Micro Lectures

These bite-size lectures will get your brain buzzing.

Do Super Athletes Hold the Secret to Health?

Euan Ashley is an associate professor of medicine, of genetics and, by courtesy, of pathology at Stanford University Medical Center.

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Professor Ashley serves as co-director of the Stanford Clinical Genomics Service and directs the Center for Inherited Cardiovascular Disease. Professor Ashley led the team that carried out the first clinical interpretation of a human genome in 2010, and in 2013 the White House Office of Science and Technology Policy recognized his contributions to personalized medicine. He received the National Innovation Award from the American Heart Association and a New Innovator Award from the National Institute of Health.

Bridging the Gender Gap in Technology in Developing Countries

Aashna Shroff, ’17, is a junior majoring in computer science with an interest in economics.

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Aashna’s upbringing and schooling in India bred her passion to make technology inclusive and accessible to everyone. As one of the only two girls in her high school computer science class, Aashna felt inspired to start Girls Code Camp. This summer, she’s visiting high schools in India with a team of Stanford students to expose young girls to computer science. One of the classes she has most enjoyed at Stanford has been CS106A with Mehran Sahami, and she hopes to bring the same excitement and whimsy into teaching as he does. Aashna is also involved in Stanford Women in Computer Science and Girls Teaching Girls To Code. In her free time, she likes to dance and to venture out to eat in new places.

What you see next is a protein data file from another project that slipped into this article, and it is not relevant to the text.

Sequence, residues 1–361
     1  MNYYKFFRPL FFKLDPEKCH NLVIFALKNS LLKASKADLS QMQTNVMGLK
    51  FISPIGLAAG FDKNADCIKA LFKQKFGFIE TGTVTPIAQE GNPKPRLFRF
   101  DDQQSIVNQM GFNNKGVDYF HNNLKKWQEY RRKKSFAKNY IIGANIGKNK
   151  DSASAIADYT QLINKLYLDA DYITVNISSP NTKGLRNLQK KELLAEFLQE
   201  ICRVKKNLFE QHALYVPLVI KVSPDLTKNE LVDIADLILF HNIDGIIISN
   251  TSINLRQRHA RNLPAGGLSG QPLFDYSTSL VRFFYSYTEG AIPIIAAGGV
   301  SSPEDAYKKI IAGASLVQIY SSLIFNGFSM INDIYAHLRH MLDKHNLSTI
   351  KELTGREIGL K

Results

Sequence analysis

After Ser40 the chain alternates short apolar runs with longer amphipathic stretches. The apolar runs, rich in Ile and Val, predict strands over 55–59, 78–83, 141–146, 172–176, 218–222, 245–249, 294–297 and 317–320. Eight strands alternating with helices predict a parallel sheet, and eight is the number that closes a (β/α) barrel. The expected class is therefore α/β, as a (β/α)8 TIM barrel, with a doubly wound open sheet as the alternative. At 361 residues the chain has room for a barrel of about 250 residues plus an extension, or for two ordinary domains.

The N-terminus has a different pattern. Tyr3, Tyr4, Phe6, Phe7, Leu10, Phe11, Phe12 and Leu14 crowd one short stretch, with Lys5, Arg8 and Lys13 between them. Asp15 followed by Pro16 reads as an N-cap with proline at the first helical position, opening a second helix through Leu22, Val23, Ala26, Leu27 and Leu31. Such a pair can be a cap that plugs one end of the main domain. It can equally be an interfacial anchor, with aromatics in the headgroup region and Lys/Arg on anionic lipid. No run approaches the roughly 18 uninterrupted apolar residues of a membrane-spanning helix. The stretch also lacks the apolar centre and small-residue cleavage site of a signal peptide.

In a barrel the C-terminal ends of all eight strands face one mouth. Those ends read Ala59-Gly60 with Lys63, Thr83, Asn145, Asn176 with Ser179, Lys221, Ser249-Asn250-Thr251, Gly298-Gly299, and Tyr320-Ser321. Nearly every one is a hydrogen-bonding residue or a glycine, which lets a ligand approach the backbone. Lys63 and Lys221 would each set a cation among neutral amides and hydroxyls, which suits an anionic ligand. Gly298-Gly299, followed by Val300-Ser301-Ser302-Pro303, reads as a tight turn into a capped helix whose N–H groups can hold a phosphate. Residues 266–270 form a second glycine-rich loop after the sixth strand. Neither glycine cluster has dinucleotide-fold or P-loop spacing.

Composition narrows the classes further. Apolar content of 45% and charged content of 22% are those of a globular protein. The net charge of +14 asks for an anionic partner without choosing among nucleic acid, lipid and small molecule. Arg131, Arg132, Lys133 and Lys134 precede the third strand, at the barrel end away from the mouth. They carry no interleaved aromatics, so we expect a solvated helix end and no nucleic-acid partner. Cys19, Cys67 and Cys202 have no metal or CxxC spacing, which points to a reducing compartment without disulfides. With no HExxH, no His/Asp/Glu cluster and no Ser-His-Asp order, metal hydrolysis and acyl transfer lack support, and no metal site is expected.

If Ben Franklin Had Facebook

Caroline Winterer is the Director & Anthony P. Meier Family Professor in the Humanities at the Stanford Humanities Center and a professor of history and, by courtesy, of classics.

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Professor Winterer specializes in the intellectual and cultural history of eighteenth- and nineteenth-century America. She received fellowships from the National Humanities Center, the Mellon Foundation, the Stanford Humanities Center, and the National Endowment for the Humanities. Professor Winterer is currently working on Stanford's collaborative Mapping of the Republic of Letters project, digitally mapping major European and American correspondence networks and libraries of the early modern scholarly world (1500-1800).

Engineering Untapped Potential

Daniel Washington, ’16, MS ’17, is a senior and coterminal degree student studying aeronautics and astronautics, with a focus on robotic systems and orbital mechanics and involved in the tap dance scene at Stanford.

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Daniel hails from Albuquerque, New Mexico where he has lived all of his life prior to coming to Stanford. When Daniel isn't working on robotics projects through his major, he spends a majority of his time choreographing and leading the only advanced tap group on campus, Stanford tapTH@T. Daniel has been passionate about tap dance since he was 6 years old and hopes to restore the fading art form through fresh and exciting new choreography, improvisational technique, and free public tap lessons on campus.